Inflammation and Alzheimer’s are closely intertwined, and therapies such as menthol inhalation may be beneficial in treating this disease.
“The study reinforces the fact that Alzheimer’s disease is underpinned by inflammation and that if therapies can be engineered to address this pathogenic component, the onset of [Alzheimer’s] may be delayed, and its progression thwarted,” Dr. Osborn stated.
“Potentially, this therapy could be administered via an inhaled agent, menthol, for example, that would be directly delivered to the limbic system of the brain — responsible for our emotions and memory — via the olfactory nerves, as there are neuronal connections between the olfactory and limbic systems,” he pointed out.
“There is a direct connection between the olfactory nerves/ tracts and the limbic system,” said Dr. Osborn. “The limbic system is associated with memory processing, emotional responses, fight-or-flight responses, aggression, and sexual response.”
It is also important to note the connectivity of the limbic system to the olfactory system is responsible for the intimate association of memory and smell.
While emphasizing that the study did not employ aromatherapy, “[o]dors often stimulate memory,” Dr. Osborn further explained. “They also may conjure up emotions, good or bad. In the context of the latter, this may confer a survival benefit: A toxic odor may cause us to run away or flee for fear of a chemical/ toxin exposure, as the flight-or-flight centers are activated by the smell alone.”
Since this study was only conducted on animals, there is no way of knowing how a human would be affected.
“This is a rodent model,” said Dr. Osborn. “It is often the case that such studies do not map to a human. There are a variety of interspecies genetic, anatomic, metabolic and physiologic differences that account for this phenomenon.”
In addition, only menthol was tested as an olfactory stimulant in the study.
“It was not assessed if the effect is specific for cold-sensing neuron activation and the likely role of TRPM8 signaling was not addressed,” Dr. Kolonin cautioned. “It would be interesting to determine if heat sensing stimulation would have similar or opposite effects.”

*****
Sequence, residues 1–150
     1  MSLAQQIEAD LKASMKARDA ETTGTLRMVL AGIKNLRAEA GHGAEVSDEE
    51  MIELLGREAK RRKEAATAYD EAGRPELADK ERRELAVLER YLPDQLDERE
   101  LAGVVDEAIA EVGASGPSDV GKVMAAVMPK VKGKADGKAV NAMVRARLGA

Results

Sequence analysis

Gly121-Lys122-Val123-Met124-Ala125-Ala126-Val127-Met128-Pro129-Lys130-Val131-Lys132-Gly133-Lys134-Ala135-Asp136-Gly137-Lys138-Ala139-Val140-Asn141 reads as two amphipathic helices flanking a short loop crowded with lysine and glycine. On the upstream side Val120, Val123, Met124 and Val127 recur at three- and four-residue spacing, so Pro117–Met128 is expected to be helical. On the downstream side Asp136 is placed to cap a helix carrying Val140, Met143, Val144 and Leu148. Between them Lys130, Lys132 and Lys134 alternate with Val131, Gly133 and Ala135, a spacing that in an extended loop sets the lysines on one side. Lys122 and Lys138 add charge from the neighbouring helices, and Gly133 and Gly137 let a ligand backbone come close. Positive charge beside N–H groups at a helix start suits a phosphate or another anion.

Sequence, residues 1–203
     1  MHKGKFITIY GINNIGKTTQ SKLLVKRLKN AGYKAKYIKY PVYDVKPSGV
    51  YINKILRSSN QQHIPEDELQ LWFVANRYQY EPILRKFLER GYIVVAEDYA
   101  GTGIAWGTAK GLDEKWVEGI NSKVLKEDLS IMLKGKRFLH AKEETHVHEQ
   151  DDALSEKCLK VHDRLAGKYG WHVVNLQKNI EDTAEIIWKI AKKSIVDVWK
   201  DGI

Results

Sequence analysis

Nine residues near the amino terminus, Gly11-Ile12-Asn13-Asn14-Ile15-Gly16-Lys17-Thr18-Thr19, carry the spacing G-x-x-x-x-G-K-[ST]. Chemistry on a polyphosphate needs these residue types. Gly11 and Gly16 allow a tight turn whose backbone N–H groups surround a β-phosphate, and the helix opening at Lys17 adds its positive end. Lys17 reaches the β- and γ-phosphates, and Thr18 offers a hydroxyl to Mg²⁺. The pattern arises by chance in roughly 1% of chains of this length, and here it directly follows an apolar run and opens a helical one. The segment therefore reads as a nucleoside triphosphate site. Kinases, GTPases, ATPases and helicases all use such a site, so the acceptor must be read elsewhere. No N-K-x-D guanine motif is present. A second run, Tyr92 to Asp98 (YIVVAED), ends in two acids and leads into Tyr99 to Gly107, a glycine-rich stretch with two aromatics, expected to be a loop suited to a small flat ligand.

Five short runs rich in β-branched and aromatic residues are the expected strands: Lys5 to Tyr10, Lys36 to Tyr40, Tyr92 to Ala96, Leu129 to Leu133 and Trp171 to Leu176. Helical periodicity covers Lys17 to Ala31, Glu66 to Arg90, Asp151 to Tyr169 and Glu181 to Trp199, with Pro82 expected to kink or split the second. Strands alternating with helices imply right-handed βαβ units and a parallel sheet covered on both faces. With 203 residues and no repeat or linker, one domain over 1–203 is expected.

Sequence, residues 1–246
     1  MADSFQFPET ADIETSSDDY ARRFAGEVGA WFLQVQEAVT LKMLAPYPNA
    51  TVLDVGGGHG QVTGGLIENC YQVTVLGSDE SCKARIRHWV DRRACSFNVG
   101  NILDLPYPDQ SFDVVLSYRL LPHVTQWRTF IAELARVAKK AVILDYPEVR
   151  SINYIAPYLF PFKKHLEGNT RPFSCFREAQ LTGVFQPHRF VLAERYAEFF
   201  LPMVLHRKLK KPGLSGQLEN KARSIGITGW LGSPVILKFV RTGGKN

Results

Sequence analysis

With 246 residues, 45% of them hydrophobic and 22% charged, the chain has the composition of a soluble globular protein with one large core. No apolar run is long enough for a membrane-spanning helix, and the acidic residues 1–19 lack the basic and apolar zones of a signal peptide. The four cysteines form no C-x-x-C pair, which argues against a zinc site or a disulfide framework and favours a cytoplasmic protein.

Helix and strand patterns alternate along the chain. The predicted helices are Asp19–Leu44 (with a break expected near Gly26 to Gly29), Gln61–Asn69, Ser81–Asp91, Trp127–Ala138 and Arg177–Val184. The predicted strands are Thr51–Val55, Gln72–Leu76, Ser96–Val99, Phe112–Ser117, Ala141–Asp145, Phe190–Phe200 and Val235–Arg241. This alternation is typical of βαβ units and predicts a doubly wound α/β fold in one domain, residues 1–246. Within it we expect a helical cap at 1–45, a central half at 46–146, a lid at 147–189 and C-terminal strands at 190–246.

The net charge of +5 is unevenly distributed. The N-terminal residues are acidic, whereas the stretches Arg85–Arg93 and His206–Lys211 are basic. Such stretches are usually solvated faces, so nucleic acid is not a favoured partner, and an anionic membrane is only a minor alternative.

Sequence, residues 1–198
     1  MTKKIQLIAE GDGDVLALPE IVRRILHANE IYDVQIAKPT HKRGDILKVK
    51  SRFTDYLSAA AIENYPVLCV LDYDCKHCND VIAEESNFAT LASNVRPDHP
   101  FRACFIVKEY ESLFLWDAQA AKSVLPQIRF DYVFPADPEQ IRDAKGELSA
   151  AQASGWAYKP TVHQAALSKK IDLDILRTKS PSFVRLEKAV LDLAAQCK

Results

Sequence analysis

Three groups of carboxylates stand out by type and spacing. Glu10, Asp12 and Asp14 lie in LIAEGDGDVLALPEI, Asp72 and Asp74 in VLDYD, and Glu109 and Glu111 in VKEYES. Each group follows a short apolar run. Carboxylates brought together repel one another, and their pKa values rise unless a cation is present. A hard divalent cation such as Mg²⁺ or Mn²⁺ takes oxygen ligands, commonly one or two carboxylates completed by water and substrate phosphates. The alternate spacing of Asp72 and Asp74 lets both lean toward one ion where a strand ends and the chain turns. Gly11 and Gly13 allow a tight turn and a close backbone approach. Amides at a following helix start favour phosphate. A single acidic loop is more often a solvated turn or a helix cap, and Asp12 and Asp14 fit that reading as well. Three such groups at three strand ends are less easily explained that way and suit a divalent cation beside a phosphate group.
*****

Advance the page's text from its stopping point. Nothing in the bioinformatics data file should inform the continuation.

Another limitation of this study is that immune cells implicated in the process along with T-regs were not characterized.
“It is not clear what T-cells are reduced by menthol in the brain and determining whether those are effector, killer, or other T-cells would be insightful,” said Dr. Kolonin. “Brain microglia and astrocytes, the cells likely responsible for the secretion of IL-1-beta and IL-6, the cytokines modulated by menthol and T-regs, have also not been analyzed.”
“While the authors conclude that inhibition of T-regs reduced both IL-1-beta and IL-6, their data consistently show that IL-6 expression is in fact upregulated. IL-6 is a cytokine that can play distinct context-dependent and time-dependent roles. It would be interesting to determine if/ how intermittent/ transient modulation of IL-6 may be beneficial for disease intervention.”
– Dr. Mikhail Kolonin
“In this study, cognitive function tests were limited to measuring mouse freezing upon fear conditioning,” continued Dr. Kolonin.
“However, this test has a stress behavior component, which complicates data interpretation. It would be advantageous to use water maze or novel object recognition tests, better fit for Alzheimer’s symptoms assessment,” he added.
This article originally appeared here and was republished with permission.